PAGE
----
Personal Narrative Of Travels To The Equinoctial Regions Of America During The Years 1799-1804 - Volume 3 - By Alexander Von Humboldt And Aime Bonpland.



































































































































 -  The imperial city of Cuzco is
situated near the eastern extremity of this knot, which comprehends,
in an area of - Page 450
Personal Narrative Of Travels To The Equinoctial Regions Of America During The Years 1799-1804 - Volume 3 - By Alexander Von Humboldt And Aime Bonpland. - Page 450 of 635 - First - Home

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The Imperial City Of Cuzco Is Situated Near The Eastern Extremity Of This Knot, Which Comprehends, In An Area Of 3000 Square Leagues, The Mountains Of Vilcanota, Carabaya, Abancai, Huando, Parinacochas, And Andahuaylas.

Though here, as in general, in every considerable widening of the Cordillera, the grouped summits do not follow the principal axis in uniform and parallel directions, a phenomenon observable in the general disposition of the chain of the Andes, from latitude 18 degrees, is well worthy the attention of geologists.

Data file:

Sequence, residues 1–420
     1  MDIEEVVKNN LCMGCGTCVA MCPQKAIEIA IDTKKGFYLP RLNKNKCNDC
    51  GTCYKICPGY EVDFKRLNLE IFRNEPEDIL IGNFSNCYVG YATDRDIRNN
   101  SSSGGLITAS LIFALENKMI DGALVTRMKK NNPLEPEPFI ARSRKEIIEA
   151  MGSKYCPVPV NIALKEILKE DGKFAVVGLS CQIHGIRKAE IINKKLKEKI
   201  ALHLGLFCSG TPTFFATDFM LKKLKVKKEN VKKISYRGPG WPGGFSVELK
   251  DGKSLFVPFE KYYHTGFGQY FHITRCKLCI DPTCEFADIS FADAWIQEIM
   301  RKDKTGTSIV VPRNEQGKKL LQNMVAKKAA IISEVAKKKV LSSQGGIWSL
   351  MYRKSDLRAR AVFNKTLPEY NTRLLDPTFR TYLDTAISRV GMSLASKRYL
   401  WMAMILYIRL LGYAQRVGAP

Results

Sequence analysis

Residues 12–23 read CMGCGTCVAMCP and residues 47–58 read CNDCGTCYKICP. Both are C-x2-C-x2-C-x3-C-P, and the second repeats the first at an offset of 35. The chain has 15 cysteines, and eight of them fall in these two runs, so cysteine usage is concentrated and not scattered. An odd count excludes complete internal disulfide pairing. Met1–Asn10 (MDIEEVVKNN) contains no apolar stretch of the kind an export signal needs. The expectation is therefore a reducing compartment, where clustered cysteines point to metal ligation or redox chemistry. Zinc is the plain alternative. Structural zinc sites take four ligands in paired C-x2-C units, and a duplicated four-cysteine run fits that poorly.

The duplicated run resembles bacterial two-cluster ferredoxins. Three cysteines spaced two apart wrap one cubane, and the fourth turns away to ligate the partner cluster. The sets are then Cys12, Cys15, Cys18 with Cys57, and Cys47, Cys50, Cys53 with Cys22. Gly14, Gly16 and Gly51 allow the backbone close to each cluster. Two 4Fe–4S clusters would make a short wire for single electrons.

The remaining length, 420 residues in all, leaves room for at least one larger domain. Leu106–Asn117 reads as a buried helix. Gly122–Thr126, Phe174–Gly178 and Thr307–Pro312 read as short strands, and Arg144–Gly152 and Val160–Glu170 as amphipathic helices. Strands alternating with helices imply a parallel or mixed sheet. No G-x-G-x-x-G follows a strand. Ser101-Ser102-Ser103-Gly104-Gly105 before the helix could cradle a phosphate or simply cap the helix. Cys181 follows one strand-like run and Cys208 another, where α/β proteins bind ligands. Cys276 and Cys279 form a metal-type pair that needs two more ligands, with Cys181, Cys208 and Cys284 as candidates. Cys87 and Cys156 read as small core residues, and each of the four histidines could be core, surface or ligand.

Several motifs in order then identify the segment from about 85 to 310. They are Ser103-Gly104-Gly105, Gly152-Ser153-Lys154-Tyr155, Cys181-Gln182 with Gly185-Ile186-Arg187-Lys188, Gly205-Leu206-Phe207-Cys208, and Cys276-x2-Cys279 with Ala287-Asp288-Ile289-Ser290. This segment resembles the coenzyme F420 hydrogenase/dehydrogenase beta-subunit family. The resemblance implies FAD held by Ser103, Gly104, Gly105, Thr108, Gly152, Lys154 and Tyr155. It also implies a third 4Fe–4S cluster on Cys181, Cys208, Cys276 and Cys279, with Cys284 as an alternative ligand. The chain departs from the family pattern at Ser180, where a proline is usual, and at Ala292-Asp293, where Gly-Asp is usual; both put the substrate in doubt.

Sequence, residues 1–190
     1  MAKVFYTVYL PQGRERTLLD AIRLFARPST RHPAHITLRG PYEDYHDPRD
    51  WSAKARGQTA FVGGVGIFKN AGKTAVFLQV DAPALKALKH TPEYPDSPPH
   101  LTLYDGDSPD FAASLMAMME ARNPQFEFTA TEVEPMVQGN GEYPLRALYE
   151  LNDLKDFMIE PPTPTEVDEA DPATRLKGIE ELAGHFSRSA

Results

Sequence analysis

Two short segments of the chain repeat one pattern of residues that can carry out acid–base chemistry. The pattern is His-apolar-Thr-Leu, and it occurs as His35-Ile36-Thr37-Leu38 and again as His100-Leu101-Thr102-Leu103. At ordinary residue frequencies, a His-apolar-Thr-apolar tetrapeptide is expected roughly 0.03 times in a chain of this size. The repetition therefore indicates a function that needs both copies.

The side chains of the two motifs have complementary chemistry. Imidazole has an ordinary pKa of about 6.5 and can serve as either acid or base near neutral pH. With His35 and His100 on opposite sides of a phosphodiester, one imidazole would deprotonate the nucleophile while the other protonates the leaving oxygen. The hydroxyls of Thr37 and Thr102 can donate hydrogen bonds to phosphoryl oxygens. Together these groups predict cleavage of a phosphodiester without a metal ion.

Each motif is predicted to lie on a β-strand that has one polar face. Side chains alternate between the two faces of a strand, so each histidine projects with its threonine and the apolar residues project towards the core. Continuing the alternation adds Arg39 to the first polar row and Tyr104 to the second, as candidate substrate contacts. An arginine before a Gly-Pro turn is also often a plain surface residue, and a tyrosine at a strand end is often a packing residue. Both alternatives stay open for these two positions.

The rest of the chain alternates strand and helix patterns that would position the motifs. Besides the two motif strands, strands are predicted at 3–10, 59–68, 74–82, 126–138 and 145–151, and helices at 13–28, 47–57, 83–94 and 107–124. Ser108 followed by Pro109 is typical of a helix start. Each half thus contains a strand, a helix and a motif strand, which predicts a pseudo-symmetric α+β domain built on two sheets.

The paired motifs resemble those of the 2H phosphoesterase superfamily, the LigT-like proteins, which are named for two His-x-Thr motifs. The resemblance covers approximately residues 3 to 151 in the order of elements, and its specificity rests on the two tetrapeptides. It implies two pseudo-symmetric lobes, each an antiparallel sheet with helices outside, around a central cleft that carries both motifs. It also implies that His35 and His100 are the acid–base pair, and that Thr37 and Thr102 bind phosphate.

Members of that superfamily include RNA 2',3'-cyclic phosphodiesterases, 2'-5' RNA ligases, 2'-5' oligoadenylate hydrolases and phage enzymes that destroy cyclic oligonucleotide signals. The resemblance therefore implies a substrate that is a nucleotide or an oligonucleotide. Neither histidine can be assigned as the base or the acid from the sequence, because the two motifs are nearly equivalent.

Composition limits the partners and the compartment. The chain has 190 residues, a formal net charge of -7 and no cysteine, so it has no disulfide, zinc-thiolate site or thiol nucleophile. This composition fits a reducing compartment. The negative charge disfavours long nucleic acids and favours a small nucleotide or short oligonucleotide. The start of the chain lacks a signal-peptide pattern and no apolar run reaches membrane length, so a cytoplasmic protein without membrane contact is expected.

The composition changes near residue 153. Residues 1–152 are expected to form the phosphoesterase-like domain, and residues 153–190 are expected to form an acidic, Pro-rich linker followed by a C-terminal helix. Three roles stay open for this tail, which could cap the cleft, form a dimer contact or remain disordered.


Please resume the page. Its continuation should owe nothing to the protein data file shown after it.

The whole mass of the Cordilleras of Chile and Upper Peru, from the Straits of Magellan to the parallel of the port of Arica (18 degrees 28 minutes 35 seconds), runs from south to north, in the direction of a meridian at most 5 degrees north-east; but from the parallel of Arica, the coast and the two Cordilleras east and west of the Alpine lake of Titicaca, abruptly change their direction and incline to north-west. The Cordilleras of Ancuma and Moquehua, and the longitudinal valley, or rather the basin of Titicaca, which they inclose, take a direction north 42 degrees west. Further on, the two branches again unite in the group of the mountains of Cuzco, and thence their direction is north 80 degrees west. This group of which the table-land inclines to the north-east, forms a curve, nearly from east to west, so that the part of the Andes north of Castrovireyna is thrown back more than 242,000 toises westward. This singular geological phenomenon resembles the variation of dip of the veins, and especially of the two parts of the chain of the Pyrenees, parallel to each other, and linked by an almost rectangular elbow, 16,000 toises long, near the source of the Garonne;* (* Between the mountain of Tentenade and the Port d'Espot.); but in the Andes, the axes of the chain, south and north of the curve, do not preserve parallelism.

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